The cart has two wheels and is pushed by hand, which allows operators to reach communities with narrow, unpaved streets that conventional waste-collection vehicles can’t access. The cart is also airtight, which prevents the common problems of smells and leaks between waste pickup and drop-off. The bin operators themselves are trained and provided with personal protective equipment to keep themselves safer and healthier on the job. The company’s founder, climate activist Aliyu Umar Sadiq, is also working on an eco-friendly toilet project, which utilizes plastic waste to construct bathroom facilities in rural schools. The goal, he says, is to simultaneously address health, hygiene, and pollution challenges associated with open defecation.
Another organization approaching waste management in Nigeria through its awareness-raising campaigns is SustyVibes. The group champions sustainability projects to make young people into responsible environmental stewards. Jennifer Uchendu, the CEO of SustyVibes and a sustainability professional with more than 10 years of experience, says the organization has been addressing issues like waste management since its founding in 2016.
“Our street conferences usually include sanitization and advocacy sessions, where we educate community members on the importance of a clean environment and connect them to recycling hubs to ensure proper recycling of the waste generated,” Uchendu says.
SustyVibes’s team of volunteers organizes campaigns and street conferences to educate everyday people on the importance of waste management. Its Susty Marshalls project, for example, aims to empower informal waste pickers, enabling them to see the dignity in their work, and motivating them to do their work in a more organized manner.
Its “Stare Down on Pollution” campaign involves visiting various communities across Nigeria to educate and enlighten local residents in their native languages about the dangers and impacts of negative waste habits, as well as the need to change the culture of littering.
From Trash to Cash
Since Ecobarter launched in July, the company has signed on 200 users, who have collected 300,000 kilograms of waste, primarily plastic bottles and cartons. Based on the company’s modeling, that’s the equivalent of 800 metric tons of carbon.
Abigail Andrew, 35, is a mother of two children, and she works with Laurmann and Company Limited, an indigenous professional environmental service organization in Garki, Abuja. Andrew, whose husband left years ago, earns N18,000 ($46) per month, well below Nigeria’s monthly minimum wage of N33,000 ($85).
“My friend told me about Ecobarter,” Andrew says. “Picking waste for them has been helping me, because I … get money to buy food for my children.”
Now, when she picks bottles for Ecobarter, she earns an average of N4,000 ($10) over the course of a month to help cover the cost of feeding her children.
Juliana Garuba, 45, who works with a cleaning agency in Abuja, says seeing waste around makes her angry, which is why she signed on with Ecobarter. “The experience is good for me,” she says, and the extra income helps too. “Sometimes I don’t have money to go home after work, but now I can pay for my transport.”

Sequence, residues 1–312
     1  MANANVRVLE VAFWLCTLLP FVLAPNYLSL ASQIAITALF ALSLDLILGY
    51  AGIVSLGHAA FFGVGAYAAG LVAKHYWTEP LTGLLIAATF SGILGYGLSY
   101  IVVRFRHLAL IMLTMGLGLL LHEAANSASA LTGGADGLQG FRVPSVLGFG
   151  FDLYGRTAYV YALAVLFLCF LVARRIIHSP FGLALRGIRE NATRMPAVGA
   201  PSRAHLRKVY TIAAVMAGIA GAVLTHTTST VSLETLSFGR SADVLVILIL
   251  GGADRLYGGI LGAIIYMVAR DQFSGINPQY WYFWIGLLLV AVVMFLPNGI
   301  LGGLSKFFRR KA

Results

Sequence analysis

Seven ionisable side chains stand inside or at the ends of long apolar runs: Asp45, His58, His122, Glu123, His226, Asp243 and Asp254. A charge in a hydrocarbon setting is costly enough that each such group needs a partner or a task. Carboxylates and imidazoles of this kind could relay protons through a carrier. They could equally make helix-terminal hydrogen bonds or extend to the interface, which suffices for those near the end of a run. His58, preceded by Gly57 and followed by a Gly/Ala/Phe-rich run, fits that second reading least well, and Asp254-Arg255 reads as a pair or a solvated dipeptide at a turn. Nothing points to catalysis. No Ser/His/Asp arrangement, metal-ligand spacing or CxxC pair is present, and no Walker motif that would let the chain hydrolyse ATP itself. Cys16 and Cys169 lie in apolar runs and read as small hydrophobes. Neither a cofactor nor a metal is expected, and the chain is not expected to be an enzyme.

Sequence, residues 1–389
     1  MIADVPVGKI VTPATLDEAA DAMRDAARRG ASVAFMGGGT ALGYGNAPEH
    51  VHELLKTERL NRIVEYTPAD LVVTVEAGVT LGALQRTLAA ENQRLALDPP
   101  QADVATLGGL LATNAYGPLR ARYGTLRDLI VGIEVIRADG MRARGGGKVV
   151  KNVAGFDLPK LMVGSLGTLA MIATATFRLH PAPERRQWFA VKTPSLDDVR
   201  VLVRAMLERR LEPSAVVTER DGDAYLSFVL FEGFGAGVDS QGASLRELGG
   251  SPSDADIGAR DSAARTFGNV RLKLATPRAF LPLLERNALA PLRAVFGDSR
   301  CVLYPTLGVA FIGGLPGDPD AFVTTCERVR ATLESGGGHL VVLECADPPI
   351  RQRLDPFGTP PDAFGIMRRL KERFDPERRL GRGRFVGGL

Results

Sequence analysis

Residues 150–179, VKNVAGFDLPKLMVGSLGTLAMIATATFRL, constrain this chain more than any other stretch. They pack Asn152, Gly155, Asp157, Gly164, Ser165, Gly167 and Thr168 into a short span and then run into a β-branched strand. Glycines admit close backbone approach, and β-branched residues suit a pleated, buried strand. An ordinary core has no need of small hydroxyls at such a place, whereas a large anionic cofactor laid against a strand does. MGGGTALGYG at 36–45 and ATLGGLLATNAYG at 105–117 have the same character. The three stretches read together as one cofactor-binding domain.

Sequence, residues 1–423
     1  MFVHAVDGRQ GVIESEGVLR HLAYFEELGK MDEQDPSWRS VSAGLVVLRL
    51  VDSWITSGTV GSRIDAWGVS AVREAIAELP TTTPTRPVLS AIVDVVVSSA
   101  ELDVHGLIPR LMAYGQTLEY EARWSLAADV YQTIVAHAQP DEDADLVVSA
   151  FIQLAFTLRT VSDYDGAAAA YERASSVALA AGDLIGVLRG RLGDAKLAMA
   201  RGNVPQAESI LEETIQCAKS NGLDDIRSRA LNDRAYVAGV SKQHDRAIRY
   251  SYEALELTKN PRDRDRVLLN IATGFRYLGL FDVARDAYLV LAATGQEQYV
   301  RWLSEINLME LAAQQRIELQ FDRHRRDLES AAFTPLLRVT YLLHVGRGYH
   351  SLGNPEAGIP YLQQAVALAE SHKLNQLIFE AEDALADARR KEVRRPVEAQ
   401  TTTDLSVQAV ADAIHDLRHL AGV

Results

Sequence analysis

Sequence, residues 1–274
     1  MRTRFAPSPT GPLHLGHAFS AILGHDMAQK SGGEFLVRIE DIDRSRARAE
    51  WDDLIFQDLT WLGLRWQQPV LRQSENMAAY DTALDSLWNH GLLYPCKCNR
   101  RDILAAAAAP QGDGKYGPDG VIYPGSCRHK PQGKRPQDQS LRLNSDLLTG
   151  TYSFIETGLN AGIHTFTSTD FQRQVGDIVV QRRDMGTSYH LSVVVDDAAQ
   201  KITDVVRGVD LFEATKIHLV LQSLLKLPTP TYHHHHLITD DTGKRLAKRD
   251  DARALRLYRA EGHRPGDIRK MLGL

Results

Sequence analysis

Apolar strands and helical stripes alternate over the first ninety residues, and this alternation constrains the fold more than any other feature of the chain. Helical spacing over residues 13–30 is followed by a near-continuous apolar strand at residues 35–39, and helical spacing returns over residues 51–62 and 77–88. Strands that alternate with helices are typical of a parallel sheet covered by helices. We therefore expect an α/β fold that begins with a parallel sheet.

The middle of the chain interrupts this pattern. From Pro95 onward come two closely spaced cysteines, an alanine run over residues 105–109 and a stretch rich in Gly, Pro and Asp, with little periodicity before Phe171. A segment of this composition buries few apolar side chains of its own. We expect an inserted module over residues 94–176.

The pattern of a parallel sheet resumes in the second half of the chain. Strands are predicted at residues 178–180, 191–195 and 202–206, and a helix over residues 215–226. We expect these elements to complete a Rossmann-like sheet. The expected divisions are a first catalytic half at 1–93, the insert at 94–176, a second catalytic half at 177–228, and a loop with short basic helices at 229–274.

Ecobarter’s CEO says the social enterprise is now servicing more than 5,000 households on the platform to recycle their waste, especially within its community hubs in Abuja and Lagos.
But there’s still room for improvement.
Rebecca Bulus, waste picker, says, “I want to appeal to the company to increase the money they pay us, because the place we dip our hands to get the waste from is filthy,” she says.
Another challenge the social enterprise faces, according to founder Idehai, is behavioral change. It’s hard to convince people to sign on, because awareness of waste management as an issue in Nigeria is low, and because government policies backing waste disposal aren’t mandatory. Safe waste disposal, too, can be a challenge.
Still, Ekwere, the head of operations, says the company wants to take the solution to all states in Nigeria and beyond. For Ecobarter, this vision includes instituting mini drop-off centers in semi-public areas, such as malls, markets, and estates. The company acknowledges the obstacles to this expansion, including funding, policy issues, and societal acceptance. But that’s not stopping it.
“The goal for us is to ensure recyclables do not get to the dumpsite,” Ekwere says. “Every household should have access to a collection system.”
Samuel Ajala is a data and development journalist covering climate change, energy transition, and water, sanitation and hygiene (WASH) in Nigeria, working as a freelance contributor to The Energiewende Blog, an outlet based at the European Union office in Heinrich-Böll-Stiftung, Germany and Gasoutlook. In 2022, he was selected as the only Nigerian in-person media fellow to attend the Berlin Energy Transition Dialogue (BETD). He was also a fellow for Future News Worldwide (FNW) 2022 Digital Conference, organized by British Council to bring together the best 100 young journalists from all over the world. His bylines include Dataphyte, Adweek, AllAfrica, Xylom, Gasoutlook, The Nation (Nigeria), Premium Times, TheCable, HumAngle, and The News Digest (Nigeria).